As dusk fell behind the skyscrapers of Hong Kong Island, lights twinkled along its skyline. As music invaded the air, punctuated by coloured laser patterns, the buildings of steel and glass swayed, moved, rose and fell as if in a choreographed piece. The brawny HSBC buildingorchestrated the rhythms that were sinuously picked up byBank of China and then twirled in the colours that descended into the waters of the bay. The entire architecture danced, rising slowly to a crescendo. At the end, the awed audience in Kowloon applauded in exhilaration. This is not a figment of the imagination but a daily occurrence in the island city — the Symphony of Lights, a 14-minute long permanent laser show that plays over the forest of skyscrapers along Hong Kong’s Victoria Harbour.
It is a show that, as if by magic, humanises the skyscraper, makes it an image that is no longer aloof, but reveals heart, character and even personality! It serves not merely as a mechanised function or as an iconic symbol of the urbanscape but opens itself to life that is the street, to a beat that is the city. Thereby, the show challenges detractors of the skyscraper who claim that it is no more than an opulent phallic symbol, vacuous in typology.
The “Manhattanisation” of the urban landscape has been much debated in India. Despite Mumbai leading India’s foray into the race for height with its latest addition, the India Tower, among its other innumerable high rises, tall buildings in the city lag way behind those in urban centres elsewhere such as the Taipei 101, Burj Dubai, Jin Mao tower and the Petronas, to name a few.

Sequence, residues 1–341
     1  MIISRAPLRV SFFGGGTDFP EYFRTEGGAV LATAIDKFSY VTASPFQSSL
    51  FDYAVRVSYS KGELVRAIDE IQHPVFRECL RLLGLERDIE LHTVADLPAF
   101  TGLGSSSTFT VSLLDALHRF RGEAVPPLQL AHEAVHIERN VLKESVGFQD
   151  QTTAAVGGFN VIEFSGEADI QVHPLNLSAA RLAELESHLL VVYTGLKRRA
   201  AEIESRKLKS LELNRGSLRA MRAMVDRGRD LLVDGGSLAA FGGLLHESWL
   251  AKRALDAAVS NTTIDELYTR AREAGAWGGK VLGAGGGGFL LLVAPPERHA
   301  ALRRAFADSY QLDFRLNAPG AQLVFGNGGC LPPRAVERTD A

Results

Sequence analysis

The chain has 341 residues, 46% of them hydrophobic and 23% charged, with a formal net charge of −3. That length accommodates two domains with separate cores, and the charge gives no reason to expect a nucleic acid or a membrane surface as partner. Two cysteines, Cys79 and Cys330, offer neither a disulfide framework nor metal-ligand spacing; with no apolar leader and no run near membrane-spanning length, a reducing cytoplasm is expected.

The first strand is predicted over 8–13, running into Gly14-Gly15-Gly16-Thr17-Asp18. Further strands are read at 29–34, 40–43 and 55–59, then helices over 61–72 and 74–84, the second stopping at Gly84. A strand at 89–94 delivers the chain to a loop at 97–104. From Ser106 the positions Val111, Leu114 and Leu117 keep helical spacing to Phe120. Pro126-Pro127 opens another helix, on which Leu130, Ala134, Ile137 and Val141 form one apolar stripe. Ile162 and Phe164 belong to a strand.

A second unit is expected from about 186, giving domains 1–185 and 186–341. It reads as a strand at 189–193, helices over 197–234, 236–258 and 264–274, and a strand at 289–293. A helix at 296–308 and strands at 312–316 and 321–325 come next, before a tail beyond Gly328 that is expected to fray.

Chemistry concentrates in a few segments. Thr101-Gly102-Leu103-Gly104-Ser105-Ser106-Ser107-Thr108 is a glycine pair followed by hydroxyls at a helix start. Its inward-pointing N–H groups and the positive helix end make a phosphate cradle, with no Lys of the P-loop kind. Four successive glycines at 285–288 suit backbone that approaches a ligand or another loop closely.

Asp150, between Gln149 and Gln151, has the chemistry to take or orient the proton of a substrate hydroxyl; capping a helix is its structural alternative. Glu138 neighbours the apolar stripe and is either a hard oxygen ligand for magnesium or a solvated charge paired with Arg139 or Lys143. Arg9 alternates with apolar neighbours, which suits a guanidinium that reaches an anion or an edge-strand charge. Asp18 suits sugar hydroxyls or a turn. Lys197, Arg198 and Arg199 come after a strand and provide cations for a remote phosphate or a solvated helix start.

Ironically the prime reason for the growth of the vertical skyscraper was to accommodate the rising urban population in cities — a statistic in which Indian metros score higher than nearly all the other cities in the word. Yet, curiously we are nowhere to be seen even in the last lap of the height race. Why doesn’t India have skyscrapers?
Indian architects have inexplicably shied away from reaching for the sky, literally. In a world where the global urban population equals the entire population of the world in 1960 and the number of cities has grown from 85 to 550 in that time, are we not being severely myopic? Do Indian planners suffer from vertigo? Or, perhaps, it is part of a political conspiracy to keep us “grounded”?
Recently the Union urban development minister declared that New Delhi needed more “high rises”, opening what will be the equivalent of a Pandora’s Box of policy planning issues. The proposal questions the wisdom of adhering to the colonial Lutyen’s garden-city plans at a time the capital is commemorating its hundredth anniversary.
The arguments for avoiding skyscrapers are varied and range from the paucity of infrastructure, to a loss of an Indian aesthetic, cultural anomaly and even environmental damage. Ridiculously, it is not as if more infrastructure is needed to support tall buildings because the number of occupants in the city remain the same in any case. Building skyscrapers cannot, however, happen in the ad hoc manner that it does right now. As far as aesthetics goes, skyscrapers can in fact help to choreograph a skyline that represents the new aspirations and hopes of modern India.
Lastly, is it green? It has often been demonstrated that not only do skyscrapers allow for consolidation of transport and services, thus leading to conservation of natural resources, but also permit land below to be left free, encouraging the creation of public domains that are so important to a city.
The skyscraper has often been accused of being an isolated inversion of space that intrudes on urban equity. Yet the great Indian skyscraper could be the hero and perhaps herald a new form of architecture that is as much about the sky as it is about the street. It need not be a static monument but a dynamic structure that performs the electric antagonism between metropolis and architecture.
— Suparna Bhalla Published on December, 17th 2011
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